A Louisiana parish that was among the most severely affected by the Deepwater Horizon disaster in April 2010 is suing British Petroleum (BP) for not paying on even one of its claims. Plaquemines Parish was the “epicenter” of the spill and its consequences, as well as the cleanup effort. According to Courthouse News, their complaint states, in part:
“The parish has suffered and will continue to suffer economic damages in the form of past and future lost revenues, lost business opportunities, diminution in asset values, loss and damage to wetlands, costs of coastal monitoring, increased costs of coastal projects due to delay and damage to wetlands, increased administrative medical and psychiatric costs, administrative costs for BP’s use of parish facilities, administrative costs of PPG in response to the disaster, wear and tear on parish infrastructure, costs to implement marking (sic) campaign to reverse stigma damages and investigative costs in preparing the presentment to BP and all other damages set forth and categorized in PPG’s October 30, 2012 presentment to BP.”
The damage from such an oil spill is far more than monetary, and it’s difficult to put a financial estimate on the actual damage caused. According to the National Oceanic and Atmospheric Administration (NOAA), ecological damage and necessary cleanup will continue for decades. Just as a comparison, as of 2010, Prince William Sound still had not fully recovered from the Exxon-Valdez oil spill that occurred 21 years before. Oil could still be seen on rocks in shallow waters. The fishing industry up there still hasn’t recovered. Beach sands still contain enough oil to be toxic.
And Exxon still has $92 million for cleanup that, as of one year ago, it still hadn’t paid.
BP goes to court on Monday on charges of gross negligence in the Deepwater Horizon disaster. According to a Nov. 15, 2012 article in The New York Times, BP plans to plead guilty to the charges and agree to $4.5 billion in fines and penalties, however, depending on how the case goes, they could end up paying more than $20 billion. BP initially tried to hide the seriousness of the spill, especially how much oil was gushing from the damaged well.
However, BP has managed to get the Justice Department to eliminate monetary penalties for the barrels of oil it managed to recapture from the Gulf. Depending on how much oil was actually spilled, and how much they actually managed to clean up, that could reduce the fines they owe anywhere from $900 million to a whopping $3.5 billion, according to The Washington Post.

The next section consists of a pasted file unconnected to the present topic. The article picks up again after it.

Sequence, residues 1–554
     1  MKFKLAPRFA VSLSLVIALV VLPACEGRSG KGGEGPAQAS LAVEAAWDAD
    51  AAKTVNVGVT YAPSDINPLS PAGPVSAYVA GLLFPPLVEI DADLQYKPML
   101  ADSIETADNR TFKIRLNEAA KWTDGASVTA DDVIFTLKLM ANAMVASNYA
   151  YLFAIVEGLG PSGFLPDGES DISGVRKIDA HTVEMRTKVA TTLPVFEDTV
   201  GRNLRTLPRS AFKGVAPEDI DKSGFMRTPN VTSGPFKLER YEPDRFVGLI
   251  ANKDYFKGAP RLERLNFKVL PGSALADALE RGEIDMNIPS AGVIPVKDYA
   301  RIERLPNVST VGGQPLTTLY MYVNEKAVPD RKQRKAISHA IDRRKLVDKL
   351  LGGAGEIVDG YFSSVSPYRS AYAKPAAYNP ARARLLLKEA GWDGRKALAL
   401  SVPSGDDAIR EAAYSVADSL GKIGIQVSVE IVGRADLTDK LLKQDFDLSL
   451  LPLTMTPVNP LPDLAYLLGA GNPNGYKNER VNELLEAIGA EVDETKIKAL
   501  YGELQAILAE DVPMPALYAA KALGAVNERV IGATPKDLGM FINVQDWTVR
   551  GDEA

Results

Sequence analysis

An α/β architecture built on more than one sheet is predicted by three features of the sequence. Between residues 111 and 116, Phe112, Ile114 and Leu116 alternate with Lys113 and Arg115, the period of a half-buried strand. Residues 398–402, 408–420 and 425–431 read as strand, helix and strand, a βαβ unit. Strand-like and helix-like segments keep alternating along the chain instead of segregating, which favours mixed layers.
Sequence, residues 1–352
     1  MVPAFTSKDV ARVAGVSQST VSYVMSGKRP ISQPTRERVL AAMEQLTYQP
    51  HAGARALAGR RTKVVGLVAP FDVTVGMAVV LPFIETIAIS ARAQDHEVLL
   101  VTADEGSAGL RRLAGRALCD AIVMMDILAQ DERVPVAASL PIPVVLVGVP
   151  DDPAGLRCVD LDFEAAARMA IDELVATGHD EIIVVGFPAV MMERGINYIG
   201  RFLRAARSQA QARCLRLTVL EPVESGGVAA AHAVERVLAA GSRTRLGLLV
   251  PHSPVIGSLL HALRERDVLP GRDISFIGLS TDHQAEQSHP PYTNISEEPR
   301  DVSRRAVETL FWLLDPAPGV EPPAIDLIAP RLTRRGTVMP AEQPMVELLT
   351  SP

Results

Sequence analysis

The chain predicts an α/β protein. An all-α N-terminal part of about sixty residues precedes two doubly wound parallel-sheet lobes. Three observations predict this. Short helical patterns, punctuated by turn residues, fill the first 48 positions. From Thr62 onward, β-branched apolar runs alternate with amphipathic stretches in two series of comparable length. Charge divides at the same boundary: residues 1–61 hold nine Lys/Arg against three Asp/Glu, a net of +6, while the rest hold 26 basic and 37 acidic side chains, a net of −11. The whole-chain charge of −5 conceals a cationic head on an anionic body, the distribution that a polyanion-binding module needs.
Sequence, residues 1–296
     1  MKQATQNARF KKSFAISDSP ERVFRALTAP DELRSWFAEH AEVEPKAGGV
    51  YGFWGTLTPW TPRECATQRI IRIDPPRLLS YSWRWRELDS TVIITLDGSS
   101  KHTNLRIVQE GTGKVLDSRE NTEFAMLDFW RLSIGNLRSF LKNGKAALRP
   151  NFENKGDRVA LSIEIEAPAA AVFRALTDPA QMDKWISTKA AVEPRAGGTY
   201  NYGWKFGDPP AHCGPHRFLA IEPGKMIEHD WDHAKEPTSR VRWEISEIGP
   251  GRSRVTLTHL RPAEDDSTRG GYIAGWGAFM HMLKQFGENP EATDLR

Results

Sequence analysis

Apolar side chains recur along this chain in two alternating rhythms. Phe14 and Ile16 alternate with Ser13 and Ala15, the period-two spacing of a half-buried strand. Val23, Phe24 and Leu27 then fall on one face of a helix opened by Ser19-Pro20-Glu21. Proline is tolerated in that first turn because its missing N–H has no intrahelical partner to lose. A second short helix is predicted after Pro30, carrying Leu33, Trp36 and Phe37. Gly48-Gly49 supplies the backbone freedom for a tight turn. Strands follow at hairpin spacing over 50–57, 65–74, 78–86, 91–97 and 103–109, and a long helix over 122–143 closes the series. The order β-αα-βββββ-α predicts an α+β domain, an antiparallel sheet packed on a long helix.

BP’s lawyer, Rupert Bondy also believes that the company’s willingness to pay valid claims for damage early on will help to convince the judge hearing the case to reduce the final penalties.
That will be of no comfort to those who’ve suffered the ongoing consequences of the spill. Plaquemines Parish and other communities are likely to see their businesses and their tourism suffer for decades, just like the communities along Prince William Sound have suffered for more than two decades.
Furthermore, despite Plaquemines Parish’s suit, BP has said in a statement that it’s already paid out $9 billion to the government, and to individuals and businesses affected by the spill. If the history of the Exxon-Valdez disaster is any indicator, it will be many decades before things finally do return to normal along the Gulf Coast.
The U.S. government continues to sell leases off the east and west coasts and around the Arctic to companies for exploration and drilling, and makes promises about how much oversight there will be, how low the risk of an actual spill is, how quickly any spills will be contained and cleaned up, and more. Given that these are promises the government has made before, and the fact that Exxon-Valdez and Deepwater Horizon happened anyway, these promises ring very hollow.
Plaquemines Parish would be well advised to continue as best it can with its own lawsuit against BP, and, if it can afford to, avoid settling out of court. Oil spills have such far-reaching and devastating effects that those caused by negligence demand extremely harsh punishment. Out-of-court settlements often result in much lower financial penalties for companies, and don’t give them much incentive to change their ways.